Tuesday, September 15, 2009

To die peacefully at home

As opposed to dying in hospital, wired to fancy electronic instruments, stuck full of needles, wakened at the staff's convenience rather that your own. Many elderly desperately want to just die quietly, at home. They fear the arrival of ambulances to haul them off to uncomfortable, unpleasant and scary hospitals. Where, after a round of unpleasant and uncomfortable procedures, they die anyway.
The way things are now, their health deteriorates until something bad happens, a stroke, a fall, an infection, death can come in many ways. Then the loved ones call 911, the ambulance arrives, and granny is carted off to a hospital because that's procedure, and age and illness have sapped her powers to say NO, Leave me be, at home. We ought to something to make it easier for the truly elderly to refuse heroic medical treatments and just pass away quietly, at home, surrounded by family rather than paid medical staff.
This path is not for everyone. Plenty of elderly desire to live longer and it is totally unethical to deny them treatment. Sorting out the two cases is very difficult, especially for EMT's manning the ambulance, to say nothing of doctors at the hospital.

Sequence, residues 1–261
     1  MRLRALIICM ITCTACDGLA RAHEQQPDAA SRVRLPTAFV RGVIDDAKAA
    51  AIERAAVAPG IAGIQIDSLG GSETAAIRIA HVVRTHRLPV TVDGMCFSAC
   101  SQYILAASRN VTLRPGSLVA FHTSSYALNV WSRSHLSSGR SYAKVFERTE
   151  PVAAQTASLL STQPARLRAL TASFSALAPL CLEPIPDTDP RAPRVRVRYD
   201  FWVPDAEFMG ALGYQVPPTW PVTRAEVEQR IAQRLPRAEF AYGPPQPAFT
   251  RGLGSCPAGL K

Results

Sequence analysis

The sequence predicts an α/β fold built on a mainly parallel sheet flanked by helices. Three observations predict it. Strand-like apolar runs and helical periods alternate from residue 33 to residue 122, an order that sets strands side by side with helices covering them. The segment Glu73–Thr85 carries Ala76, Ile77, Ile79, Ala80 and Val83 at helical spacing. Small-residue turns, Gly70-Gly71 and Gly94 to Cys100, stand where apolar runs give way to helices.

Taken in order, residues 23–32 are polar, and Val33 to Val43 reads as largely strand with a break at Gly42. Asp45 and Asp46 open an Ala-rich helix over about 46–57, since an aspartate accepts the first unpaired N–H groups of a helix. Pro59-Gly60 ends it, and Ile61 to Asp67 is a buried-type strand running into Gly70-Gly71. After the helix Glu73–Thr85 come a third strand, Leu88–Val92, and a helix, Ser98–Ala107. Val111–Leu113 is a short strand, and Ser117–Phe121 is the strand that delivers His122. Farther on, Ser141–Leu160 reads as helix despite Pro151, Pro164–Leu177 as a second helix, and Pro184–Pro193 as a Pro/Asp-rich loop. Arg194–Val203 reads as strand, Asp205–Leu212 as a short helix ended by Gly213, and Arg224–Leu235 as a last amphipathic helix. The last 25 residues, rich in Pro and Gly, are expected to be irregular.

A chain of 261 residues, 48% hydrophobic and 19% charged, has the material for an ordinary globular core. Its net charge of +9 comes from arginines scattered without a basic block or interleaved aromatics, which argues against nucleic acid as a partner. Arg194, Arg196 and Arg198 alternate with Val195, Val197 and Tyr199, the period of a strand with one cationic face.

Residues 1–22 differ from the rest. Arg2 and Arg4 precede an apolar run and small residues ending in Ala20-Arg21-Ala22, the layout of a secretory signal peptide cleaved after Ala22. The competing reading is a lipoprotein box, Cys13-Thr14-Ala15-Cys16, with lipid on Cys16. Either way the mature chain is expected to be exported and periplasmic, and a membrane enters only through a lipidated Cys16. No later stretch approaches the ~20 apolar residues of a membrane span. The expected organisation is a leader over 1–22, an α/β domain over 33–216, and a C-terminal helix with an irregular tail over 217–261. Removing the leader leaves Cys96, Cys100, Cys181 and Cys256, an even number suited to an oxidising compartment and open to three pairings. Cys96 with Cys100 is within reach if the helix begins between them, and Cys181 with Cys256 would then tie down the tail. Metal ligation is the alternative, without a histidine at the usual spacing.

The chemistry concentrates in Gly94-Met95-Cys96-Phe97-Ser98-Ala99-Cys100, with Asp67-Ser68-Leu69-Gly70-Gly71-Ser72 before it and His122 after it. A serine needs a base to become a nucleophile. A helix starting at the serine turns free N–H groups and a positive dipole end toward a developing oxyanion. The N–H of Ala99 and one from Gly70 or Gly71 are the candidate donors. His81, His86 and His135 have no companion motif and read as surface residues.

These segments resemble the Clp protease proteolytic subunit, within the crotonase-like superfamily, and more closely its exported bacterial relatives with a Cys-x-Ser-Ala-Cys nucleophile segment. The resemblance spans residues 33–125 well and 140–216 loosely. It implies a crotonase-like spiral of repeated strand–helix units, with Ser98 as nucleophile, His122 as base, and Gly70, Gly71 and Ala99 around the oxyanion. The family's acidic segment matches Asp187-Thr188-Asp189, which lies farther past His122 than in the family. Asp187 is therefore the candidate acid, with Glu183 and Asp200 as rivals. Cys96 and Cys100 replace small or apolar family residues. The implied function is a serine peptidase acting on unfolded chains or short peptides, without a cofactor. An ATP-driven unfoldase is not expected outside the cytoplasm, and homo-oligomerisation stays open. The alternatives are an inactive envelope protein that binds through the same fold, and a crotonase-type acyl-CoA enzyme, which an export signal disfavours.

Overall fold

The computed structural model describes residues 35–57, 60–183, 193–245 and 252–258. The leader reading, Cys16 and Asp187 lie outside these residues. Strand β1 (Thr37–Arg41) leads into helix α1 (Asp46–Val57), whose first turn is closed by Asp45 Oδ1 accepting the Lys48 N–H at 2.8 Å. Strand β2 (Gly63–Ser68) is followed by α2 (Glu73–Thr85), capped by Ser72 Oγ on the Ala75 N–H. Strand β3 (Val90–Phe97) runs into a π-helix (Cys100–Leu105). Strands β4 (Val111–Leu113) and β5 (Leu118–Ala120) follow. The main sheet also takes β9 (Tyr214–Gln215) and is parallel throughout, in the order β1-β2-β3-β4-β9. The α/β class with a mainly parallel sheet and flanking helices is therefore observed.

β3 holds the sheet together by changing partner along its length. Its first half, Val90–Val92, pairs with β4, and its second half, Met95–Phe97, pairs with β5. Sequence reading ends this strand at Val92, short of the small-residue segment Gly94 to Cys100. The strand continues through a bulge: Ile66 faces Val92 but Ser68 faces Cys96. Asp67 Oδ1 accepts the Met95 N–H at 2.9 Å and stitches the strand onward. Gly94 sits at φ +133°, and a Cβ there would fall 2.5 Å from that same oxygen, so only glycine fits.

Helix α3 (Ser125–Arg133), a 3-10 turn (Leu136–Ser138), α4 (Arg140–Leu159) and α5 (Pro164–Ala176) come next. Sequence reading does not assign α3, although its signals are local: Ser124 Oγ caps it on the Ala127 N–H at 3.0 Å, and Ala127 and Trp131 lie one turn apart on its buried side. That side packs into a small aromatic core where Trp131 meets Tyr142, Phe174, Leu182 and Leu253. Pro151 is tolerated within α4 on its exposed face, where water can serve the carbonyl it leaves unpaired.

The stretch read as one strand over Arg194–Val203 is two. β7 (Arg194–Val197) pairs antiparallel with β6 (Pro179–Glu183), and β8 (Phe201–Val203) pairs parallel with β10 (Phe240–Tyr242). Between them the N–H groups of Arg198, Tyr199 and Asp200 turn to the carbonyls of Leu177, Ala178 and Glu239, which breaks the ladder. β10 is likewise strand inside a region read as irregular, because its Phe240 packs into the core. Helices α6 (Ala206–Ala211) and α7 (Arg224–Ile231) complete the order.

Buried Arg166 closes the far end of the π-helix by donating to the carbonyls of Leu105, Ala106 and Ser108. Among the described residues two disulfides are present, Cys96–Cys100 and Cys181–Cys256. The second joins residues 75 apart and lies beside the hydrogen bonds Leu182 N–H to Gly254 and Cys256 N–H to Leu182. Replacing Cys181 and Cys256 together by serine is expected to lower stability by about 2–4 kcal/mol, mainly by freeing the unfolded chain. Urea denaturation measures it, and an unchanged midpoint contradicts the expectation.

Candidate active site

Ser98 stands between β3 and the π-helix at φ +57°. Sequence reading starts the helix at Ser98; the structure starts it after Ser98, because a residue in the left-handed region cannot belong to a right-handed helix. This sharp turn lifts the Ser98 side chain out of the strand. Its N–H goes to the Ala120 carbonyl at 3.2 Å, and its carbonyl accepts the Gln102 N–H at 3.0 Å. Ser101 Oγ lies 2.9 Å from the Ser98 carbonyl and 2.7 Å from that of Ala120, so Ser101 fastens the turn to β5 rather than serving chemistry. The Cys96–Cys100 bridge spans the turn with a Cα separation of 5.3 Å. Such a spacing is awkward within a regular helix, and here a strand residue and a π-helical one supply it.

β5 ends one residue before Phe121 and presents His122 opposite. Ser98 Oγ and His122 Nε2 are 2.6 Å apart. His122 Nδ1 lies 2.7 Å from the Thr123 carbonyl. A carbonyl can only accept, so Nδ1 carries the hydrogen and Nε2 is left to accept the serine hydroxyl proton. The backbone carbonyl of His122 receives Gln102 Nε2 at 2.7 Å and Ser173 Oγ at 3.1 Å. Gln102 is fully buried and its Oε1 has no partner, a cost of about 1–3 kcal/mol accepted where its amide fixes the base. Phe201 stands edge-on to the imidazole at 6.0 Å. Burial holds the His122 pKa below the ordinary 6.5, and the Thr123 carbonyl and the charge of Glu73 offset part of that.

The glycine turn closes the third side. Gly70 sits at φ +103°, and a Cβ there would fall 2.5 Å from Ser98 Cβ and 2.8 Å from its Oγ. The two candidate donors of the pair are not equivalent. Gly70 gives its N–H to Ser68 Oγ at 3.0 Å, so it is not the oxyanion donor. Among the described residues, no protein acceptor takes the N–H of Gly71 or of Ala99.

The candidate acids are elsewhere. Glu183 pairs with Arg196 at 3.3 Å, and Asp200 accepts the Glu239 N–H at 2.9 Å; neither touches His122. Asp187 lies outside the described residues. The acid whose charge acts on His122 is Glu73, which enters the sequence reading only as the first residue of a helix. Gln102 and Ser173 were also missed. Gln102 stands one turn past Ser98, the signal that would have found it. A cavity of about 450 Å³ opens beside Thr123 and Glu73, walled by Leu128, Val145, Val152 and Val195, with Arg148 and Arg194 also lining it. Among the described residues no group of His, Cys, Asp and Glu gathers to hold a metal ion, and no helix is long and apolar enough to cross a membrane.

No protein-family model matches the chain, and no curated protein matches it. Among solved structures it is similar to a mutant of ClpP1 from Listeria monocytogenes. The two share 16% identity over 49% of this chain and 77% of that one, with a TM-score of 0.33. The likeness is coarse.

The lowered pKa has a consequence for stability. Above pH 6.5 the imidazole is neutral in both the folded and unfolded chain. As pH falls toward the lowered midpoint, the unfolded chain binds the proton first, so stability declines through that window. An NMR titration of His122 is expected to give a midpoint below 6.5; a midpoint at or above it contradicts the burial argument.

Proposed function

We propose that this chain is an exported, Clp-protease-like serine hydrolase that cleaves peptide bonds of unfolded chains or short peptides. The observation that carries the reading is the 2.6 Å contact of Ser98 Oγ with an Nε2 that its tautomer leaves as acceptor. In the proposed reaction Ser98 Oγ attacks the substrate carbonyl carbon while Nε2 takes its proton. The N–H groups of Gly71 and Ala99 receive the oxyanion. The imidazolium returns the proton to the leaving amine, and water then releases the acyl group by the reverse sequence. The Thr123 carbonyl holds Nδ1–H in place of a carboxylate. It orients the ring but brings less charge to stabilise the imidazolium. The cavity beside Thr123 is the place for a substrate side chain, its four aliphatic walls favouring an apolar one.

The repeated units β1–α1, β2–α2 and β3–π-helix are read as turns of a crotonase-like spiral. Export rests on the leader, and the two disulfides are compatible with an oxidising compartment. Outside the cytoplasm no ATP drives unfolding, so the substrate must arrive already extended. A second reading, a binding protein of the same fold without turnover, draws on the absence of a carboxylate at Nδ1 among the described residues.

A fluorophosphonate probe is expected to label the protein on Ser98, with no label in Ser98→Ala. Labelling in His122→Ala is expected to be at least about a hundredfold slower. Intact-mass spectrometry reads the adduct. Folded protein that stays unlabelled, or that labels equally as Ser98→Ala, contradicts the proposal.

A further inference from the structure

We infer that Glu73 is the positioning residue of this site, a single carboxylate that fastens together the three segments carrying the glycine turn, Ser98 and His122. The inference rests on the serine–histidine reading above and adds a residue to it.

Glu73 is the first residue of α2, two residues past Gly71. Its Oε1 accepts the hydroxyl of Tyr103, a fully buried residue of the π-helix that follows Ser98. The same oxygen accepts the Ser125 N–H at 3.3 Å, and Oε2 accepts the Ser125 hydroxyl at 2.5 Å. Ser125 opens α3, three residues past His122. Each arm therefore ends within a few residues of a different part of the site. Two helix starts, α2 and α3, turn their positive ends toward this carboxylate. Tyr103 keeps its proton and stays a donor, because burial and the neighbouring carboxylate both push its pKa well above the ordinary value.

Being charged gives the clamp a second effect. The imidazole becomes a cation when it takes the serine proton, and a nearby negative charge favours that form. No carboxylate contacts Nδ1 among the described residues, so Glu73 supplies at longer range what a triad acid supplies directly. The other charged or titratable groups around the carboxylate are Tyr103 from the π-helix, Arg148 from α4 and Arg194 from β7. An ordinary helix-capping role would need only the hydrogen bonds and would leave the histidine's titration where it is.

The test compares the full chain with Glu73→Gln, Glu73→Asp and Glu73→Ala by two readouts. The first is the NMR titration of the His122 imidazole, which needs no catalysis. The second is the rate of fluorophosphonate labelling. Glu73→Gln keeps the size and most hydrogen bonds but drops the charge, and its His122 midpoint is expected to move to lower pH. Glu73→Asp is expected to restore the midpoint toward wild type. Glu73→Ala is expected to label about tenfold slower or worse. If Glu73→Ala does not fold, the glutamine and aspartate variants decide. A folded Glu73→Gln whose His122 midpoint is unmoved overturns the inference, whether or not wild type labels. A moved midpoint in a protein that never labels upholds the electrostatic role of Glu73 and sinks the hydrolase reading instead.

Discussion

Resolution of these cases properly lies with the doctor. A conscientious doctor ought to know something of his patient's mind, and should feel free to permit a patient to return home if that is what the patient truly desires. In some cases the family's wishes should be taken into account. But when the possible treatment is unlikely to help, and the patient doesn't want to under go said treatment, a doctor ought to be able to discharge the patient to die at home without fear of a malpractice suit.

2 comments:

Evan said...

Completely agree, most developed countries use hospice care and have end of life care discussions with the doctors routinely. I'd much rather go quietly at home.

Unfortunately not many people like to think about their own mortality and talk it over with their doctors.

Dstarr said...

Unfortunate but natural. I find the subject of my own death unpleasant and not a topic of casual conversation.